Child Maltreatment

Read Complete Research Material


Child Maltreatment

Child Maltreatment


Understanding the causes of child maltreatment has proved complex because child maltreatment is not a unitary concept. While research has implicated a series of causal agents, they vary across types of maltreatment: What is true for sexual abuse is not necessarily true for physical abuse or neglect. For example, certain parental personality characteristics have been implicated in some forms of maltreatment, but no single psychiatric syndrome or disorder has been identified that characterizes all or even most adults who maltreat children (Cicchetti, 2006).


The causes of child maltreatment are varied; there is likely no single cause. For instance, social learning theory suggests that child maltreatment is a learned behavior. Thus, parents who were maltreated as children may have learned, through their own childhood experiences, coercive forms of discipline or neglectful patterns rather than learning appropriate, nonabusive parenting practices. In this way, child maltreatment can be transmitted intergenerationally. In fact, a higher percentage of children who experienced maltreatment themselves, as compared with children who did not experience maltreatment, go on to abuse their own children later in life. Note that this does not mean, contrary to popular belief, that most children who have been abused go on to abuse their own children (Bottoms, 2006). The majority of adults who were abused as children are not abusive. Thus, there are many other potential contributors to child abuse and neglect, including an abundance of life stressors (e.g., poverty, lack of community resources, social isolation), individual personality or psychopathological traits, child-specific factors (e.g., a child's temperament or disability), cultural or community acceptance of maltreatment, and even religious beliefs about eschewing modern medical care and applying strict corporal discipline.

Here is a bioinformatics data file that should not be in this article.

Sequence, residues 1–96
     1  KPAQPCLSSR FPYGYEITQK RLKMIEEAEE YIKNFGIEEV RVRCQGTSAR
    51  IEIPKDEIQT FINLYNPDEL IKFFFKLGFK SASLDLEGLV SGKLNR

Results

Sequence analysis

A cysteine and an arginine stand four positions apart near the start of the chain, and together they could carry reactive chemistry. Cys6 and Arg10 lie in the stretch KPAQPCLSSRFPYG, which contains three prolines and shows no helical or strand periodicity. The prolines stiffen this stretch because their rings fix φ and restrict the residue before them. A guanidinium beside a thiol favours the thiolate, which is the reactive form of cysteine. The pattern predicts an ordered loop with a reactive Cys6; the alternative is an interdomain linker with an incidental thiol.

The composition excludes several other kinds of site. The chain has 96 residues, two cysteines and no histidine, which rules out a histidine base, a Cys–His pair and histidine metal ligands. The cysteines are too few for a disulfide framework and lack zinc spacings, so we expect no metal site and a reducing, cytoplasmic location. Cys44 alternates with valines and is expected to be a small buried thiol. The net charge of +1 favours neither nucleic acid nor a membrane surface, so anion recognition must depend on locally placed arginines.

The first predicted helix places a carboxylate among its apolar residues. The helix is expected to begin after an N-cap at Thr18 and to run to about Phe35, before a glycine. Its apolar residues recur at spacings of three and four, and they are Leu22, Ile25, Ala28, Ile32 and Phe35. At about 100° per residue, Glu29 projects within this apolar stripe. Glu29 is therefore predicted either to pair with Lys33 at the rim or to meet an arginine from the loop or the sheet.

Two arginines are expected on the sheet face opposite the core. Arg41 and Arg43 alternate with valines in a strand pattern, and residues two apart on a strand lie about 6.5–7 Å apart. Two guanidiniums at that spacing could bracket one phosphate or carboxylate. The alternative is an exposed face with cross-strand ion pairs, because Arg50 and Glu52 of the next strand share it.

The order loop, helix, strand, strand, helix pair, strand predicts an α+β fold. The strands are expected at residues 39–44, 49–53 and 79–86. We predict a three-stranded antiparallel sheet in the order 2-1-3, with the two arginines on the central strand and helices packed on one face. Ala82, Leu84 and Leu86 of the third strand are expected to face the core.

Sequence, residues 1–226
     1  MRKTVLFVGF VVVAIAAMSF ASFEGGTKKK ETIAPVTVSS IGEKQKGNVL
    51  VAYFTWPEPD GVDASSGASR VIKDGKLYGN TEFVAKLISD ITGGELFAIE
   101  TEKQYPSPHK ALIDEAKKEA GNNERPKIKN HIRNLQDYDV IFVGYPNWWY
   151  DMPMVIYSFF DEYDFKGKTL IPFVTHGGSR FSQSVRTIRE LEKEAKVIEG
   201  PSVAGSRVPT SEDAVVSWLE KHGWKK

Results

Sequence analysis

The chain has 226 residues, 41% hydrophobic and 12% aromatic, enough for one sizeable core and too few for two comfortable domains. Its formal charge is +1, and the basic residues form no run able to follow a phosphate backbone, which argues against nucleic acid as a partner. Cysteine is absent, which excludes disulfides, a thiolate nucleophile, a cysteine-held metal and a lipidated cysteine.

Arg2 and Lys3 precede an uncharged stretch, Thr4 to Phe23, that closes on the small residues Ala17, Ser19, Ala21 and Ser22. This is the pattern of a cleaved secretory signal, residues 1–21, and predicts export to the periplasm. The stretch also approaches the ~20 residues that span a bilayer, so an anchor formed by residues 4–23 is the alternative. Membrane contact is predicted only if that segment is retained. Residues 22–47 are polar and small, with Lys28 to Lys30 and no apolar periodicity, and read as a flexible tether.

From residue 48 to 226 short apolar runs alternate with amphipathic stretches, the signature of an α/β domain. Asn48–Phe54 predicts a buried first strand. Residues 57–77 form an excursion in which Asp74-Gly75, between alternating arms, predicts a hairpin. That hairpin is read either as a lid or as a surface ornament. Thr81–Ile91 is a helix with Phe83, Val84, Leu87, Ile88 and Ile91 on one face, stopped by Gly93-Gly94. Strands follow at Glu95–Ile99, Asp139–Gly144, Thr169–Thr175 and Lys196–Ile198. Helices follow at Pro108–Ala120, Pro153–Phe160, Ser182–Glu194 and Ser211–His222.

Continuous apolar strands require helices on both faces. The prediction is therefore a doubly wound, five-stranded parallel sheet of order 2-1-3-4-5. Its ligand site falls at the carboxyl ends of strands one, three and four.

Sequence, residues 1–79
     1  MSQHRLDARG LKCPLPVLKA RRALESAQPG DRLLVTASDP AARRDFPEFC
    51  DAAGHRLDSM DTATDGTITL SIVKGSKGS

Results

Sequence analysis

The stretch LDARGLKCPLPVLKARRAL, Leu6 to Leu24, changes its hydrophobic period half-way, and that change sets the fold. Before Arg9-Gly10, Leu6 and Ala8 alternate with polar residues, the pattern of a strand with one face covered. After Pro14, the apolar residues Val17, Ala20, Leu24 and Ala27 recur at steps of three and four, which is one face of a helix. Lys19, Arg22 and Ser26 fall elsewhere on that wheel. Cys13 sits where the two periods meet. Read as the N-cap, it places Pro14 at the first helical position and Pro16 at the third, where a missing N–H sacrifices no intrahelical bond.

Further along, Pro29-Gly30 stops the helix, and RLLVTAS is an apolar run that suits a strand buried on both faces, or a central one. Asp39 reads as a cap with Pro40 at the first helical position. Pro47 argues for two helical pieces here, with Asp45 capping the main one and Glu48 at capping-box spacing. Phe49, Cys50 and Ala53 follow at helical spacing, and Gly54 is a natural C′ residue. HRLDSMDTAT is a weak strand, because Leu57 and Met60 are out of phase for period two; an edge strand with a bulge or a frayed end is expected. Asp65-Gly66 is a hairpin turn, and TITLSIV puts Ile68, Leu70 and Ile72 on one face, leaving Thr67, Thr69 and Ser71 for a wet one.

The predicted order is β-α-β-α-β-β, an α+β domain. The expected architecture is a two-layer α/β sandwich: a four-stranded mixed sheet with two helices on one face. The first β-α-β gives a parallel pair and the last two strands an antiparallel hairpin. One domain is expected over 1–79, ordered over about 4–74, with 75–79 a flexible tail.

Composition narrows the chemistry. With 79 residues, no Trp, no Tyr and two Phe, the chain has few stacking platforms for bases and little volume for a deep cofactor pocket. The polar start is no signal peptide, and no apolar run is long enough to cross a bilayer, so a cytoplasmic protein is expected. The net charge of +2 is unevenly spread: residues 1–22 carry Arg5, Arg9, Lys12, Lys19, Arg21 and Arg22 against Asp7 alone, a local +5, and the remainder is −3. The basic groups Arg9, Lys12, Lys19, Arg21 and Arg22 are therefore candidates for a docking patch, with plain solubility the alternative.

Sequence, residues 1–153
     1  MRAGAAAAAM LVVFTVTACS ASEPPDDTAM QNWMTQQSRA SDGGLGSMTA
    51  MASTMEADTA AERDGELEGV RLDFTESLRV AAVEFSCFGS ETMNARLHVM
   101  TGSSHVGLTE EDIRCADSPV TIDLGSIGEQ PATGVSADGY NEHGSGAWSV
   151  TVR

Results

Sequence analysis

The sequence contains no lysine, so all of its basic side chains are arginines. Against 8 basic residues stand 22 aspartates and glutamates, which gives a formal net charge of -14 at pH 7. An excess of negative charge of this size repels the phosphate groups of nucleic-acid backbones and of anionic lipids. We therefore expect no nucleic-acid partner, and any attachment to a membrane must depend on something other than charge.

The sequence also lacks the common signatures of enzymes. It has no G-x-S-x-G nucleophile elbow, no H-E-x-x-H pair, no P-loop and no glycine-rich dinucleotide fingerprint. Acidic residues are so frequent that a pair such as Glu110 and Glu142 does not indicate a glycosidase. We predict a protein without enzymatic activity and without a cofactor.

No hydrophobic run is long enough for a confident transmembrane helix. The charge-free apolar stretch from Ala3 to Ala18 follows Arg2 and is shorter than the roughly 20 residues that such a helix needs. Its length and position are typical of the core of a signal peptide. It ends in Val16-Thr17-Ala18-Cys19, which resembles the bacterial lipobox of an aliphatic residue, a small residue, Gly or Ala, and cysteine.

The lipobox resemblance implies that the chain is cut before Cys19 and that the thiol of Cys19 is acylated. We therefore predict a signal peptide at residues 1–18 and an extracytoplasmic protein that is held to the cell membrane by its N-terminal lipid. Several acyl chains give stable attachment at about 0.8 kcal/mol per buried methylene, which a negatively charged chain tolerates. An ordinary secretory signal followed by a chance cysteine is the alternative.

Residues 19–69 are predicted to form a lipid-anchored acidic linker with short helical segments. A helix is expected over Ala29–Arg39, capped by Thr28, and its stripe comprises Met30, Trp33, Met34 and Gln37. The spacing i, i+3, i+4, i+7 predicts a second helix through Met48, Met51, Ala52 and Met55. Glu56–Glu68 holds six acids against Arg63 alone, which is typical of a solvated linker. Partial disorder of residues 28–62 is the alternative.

Early Interventions

Early interventions are necessary to reduce the severity and chronicity of abuse symptoms and alter family and environmental factors contributing to maltreatment. Services and ...
Related Ads